Lights dim over film industry

August 31, 2009

The cinema industry seems to best resemble its oldest cinema hall, the Picture House, later known as Shabistan, which was established in Armanitola of Old Dhaka in 1913.
The place where the cinema hall had once stood with pride and dignity for over 90 years is now a quiet area with eight to nine residential buildings, standing face to face, with an ailing passage that fades after a few yards.
At the end of the road stands a wall with a signboard of Islahul Ummah Madrasa and School that is located in one of those buildings. Nothing in the area carries the mark of the long-standing cinema projection house, except for in the minds of people.
“I always felt passionate about watching a movie at Shabistan as I knew that it was the oldest cinema hall in the country,” said Rafiqual Islam, an Old Dhaka resident.
“The last cinema I watched there was The Mummy Returns but soon afterwards, I learnt that the hall was being replaced by buildings.”
The tale of Shabistan is the same as hundreds of other cinema halls around the country, which were shut for being in the red for prolonged periods.
Hall owners blame thinning audiences for the losses, which led a number of cinema halls to pull down the shutters in the past few years.
“Around 10 years ago, we received around 600 to 800 people per show. But now, one show attracts only 200 viewers,” says Paresh Chandra Ghosh, an accountant of Purabi Cinema Hall in Mirpur.
He said good films still pull in large audiences, but such films are rarely produced.
Sector people and cinema critics said it was the low quality of cinemas, an absence of creativity, a stagnant market and sheer government negligence that almost guillotined the industry. It is the only available source of recreation for a chunk of people in the country, mainly for the low and middle classes.
In recent years, the poor turnout has also affected the production of cinemas by the Bangladesh Film Development Corporation (BFDC), popularly known as Dhaliwood, which was established in 1957.
In 2009, 41 films were produced in Dhaka — until February. The industry saw 74 films in 2008 and 84 in 2007, according to BFDC statistics.
The notion is that the satellite culture, obscenity and piracy have made investment in the industry highly vulnerable.
“If I invest Tk 1 crore on a film, I will not be at ease because it could be stolen. Pirated CDs and VCDs of the film could be distributed overnight across the country,” cinema producer Ustad Jahangir Alam told The Daily Star. He has been trying to put an end to piracy for long.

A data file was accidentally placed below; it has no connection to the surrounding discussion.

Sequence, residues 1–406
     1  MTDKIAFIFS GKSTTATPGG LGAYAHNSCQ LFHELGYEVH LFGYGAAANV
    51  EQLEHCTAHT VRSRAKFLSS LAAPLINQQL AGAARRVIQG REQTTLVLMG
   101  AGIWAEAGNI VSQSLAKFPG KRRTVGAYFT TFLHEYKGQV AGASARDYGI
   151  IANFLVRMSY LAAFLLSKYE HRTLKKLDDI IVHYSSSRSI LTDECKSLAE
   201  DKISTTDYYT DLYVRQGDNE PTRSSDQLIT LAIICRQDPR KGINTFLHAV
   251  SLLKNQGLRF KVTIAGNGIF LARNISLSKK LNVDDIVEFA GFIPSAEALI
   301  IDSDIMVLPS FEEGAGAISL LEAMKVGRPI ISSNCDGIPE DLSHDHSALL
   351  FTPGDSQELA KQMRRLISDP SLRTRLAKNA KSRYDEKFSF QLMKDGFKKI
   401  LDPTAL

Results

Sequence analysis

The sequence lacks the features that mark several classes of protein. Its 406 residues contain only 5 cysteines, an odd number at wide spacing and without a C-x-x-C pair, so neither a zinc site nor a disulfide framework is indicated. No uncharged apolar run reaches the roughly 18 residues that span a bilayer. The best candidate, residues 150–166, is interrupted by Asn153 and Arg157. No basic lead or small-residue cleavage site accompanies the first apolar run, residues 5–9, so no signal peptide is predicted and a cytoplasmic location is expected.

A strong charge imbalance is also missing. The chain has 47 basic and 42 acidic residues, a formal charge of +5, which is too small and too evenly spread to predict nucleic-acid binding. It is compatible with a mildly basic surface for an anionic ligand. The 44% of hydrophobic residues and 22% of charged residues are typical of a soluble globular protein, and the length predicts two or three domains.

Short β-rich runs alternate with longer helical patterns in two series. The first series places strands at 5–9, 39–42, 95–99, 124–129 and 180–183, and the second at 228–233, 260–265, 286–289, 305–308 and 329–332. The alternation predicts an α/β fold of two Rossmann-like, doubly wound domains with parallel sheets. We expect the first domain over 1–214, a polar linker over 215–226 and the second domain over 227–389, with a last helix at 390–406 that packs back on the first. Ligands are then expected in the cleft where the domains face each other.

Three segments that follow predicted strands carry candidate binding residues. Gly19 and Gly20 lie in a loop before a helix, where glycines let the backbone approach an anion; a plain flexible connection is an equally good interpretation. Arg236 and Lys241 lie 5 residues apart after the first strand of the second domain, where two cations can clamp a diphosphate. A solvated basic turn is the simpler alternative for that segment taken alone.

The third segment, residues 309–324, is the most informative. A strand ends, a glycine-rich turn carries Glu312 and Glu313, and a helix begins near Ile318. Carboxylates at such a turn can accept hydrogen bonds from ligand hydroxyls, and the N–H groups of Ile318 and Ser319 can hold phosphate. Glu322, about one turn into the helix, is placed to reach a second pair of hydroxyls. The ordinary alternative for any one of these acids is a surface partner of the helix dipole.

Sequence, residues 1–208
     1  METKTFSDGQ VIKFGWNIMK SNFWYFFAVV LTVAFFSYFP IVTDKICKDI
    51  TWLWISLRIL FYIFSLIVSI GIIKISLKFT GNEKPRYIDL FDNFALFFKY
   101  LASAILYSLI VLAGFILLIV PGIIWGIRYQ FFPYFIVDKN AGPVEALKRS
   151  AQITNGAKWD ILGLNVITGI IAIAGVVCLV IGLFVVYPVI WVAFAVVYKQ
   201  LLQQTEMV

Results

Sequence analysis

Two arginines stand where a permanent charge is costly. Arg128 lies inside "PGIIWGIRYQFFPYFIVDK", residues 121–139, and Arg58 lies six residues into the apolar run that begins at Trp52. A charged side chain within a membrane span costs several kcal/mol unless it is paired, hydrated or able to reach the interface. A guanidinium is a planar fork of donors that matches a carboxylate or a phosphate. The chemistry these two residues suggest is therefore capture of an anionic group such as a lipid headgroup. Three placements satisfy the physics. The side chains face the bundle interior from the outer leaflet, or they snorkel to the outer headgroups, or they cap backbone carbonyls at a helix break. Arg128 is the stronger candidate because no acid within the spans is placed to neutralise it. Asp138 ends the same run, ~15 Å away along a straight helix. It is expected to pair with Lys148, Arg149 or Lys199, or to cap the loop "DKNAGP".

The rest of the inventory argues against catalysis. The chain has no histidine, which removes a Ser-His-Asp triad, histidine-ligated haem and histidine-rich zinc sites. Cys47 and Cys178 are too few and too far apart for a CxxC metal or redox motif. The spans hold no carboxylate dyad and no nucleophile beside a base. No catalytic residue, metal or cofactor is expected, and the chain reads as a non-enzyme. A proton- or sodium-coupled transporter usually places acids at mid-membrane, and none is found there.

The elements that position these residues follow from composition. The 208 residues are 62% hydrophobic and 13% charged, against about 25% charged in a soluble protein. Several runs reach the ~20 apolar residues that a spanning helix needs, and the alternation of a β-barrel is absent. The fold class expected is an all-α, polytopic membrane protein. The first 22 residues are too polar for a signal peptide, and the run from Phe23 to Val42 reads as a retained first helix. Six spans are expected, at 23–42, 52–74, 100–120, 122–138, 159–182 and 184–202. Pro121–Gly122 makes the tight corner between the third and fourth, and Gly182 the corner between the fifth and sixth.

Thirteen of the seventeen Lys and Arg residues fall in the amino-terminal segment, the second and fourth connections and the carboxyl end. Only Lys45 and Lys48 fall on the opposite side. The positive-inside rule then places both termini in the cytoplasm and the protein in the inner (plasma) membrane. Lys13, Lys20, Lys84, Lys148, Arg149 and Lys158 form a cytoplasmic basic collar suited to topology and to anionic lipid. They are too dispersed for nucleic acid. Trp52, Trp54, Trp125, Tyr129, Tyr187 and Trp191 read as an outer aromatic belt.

But cinema critic Dr Gitiara Nasreen has a different view. “It would have been a blessing for us if a cinema produced in Dhaka had been so popular that it was worth being pirated,” she said.
Nasreen also rejected the view that an availability of satellite channels has largely reduced the appeal for cinemas.
Putting forward an argument, Nasreen, who teaches in the department of Mass Communication and Journalism at Dhaka University, said, “Nowadays every sports match is aired on television, but still people battle to buy tickets to watch the match at the stadium.”
“Similarly, satellite channels are very popular in the US and simultaneously, cinema halls also do good business over there.”
She said cinema halls have a different appeal and people would definitely go there if films were entertaining.
The sector people said skilled filmmakers were left with no other option but to quit because of a low level of government support and poor infrastructure and technology. This left a vacuum that was later filled with people who had low filmmaking skills.
These people latter increased violence and obscenity in films to attract audience and the film industry suffered as a result.
They believe coordinated government efforts, including bank facilities and good film institutes, are required to pick the industry from shambles and make it profitable and competitive.
Filmmaker Tareq Masud said: “Bangladeshi cinemas were at its peak in the 1960s, when it competed with films made in Bombay, Hollywood and in Urdu. Viewer turnout was also impressive then.”
“Bangladeshi cinemas were doing well at that time and the famous Uttam-Suchitra pair was highly acclaimed among Bangalee cinema viewers,” said Masud.
He said the government should allow private investment in BFDC to set up new studios and modern equipment as the present infrastructure is in a shabby state.
He suggested the government should privatise BFDC or relax government control, just like Bangladesh Telecom Company Limited and Biman.
“In the 1960s, the film industry was among the top industries, boasting huge revenue generation,” said Masud. He urged the government to provide loans for high quality film production, which is followed in many countries, including India.
If a conservative country like Iran could receive global acclaim through the film industry, why not Bangladesh,” questioned Masud, urging a bold government policy.
Emdad Hossain, acting managing director of BFDC, identified satellite channels, obsolete technology and obscenity as the main reasons behind the present state of the cinema industry.
But he is optimistic about the future of the film industry. The government has recently undertaken a project to modernise it, he said.

Courtesy of The Daily Star

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